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Editorial

Do we need new autoantibodies in lupus?

R Hal Scofield

Author Affiliations

Arthritis and Immunology Program, Oklahoma Medical Research Foundation; Department of Medicine, University of Oklahoma Health Sciences Center; Medical Service, Department of Veterans Affairs Medical Center, Oklahoma City, OK 73104-5005, USA

Arthritis Research & Therapy 2010, 12:120  doi:10.1186/ar2998


See related research article by Vázquez-Del Mercado et al., http://arthritis-research.com/content/12/1/R6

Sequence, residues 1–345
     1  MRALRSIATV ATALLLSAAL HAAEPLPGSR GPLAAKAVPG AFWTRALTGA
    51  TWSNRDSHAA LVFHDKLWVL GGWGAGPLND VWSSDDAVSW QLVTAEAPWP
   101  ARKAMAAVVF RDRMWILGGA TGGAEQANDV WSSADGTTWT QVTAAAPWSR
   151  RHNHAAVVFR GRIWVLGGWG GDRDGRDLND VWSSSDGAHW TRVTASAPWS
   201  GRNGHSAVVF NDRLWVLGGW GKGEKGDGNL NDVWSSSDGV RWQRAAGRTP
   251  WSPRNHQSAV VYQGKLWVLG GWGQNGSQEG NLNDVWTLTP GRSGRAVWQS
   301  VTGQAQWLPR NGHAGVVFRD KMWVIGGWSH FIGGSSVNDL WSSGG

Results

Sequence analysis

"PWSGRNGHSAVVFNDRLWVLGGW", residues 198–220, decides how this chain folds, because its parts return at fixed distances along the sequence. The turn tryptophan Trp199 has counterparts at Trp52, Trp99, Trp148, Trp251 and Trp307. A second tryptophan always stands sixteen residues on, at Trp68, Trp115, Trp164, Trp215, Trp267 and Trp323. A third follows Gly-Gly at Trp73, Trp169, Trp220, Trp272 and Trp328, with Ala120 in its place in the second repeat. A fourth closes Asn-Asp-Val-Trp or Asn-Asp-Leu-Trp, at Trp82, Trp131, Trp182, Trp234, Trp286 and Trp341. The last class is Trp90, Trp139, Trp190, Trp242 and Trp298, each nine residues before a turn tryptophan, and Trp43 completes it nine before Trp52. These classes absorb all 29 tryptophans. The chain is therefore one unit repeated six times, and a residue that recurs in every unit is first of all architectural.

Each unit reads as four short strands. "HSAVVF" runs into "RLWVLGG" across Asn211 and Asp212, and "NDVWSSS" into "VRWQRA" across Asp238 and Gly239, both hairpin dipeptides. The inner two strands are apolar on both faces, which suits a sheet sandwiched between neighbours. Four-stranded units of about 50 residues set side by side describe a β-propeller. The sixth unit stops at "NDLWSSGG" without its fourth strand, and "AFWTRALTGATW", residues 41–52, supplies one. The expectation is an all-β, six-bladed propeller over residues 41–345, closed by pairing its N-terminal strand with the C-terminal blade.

Published: 28 May 2010

Abstract

Systemic lupus erythematosus (SLE) is a clinically and serologically complex disease that demonstrates clinical, epidemiological and genetic differences among racial and ethnic groups. Some autoantibodies are useful for diagnosis of the illness. Others are clinically important because of associations with a particular manifestation of SLE. Antibodies to RNA helicase A (anti-RHA) comprise a newly described class of SLE autoantibodies. These antibodies have so far been found only in SLE patients and differ substantially in prevalence and nature between Mexican and white American SLE patients. Study of anti-RHA may provide insights into the origin of population differences in SLE.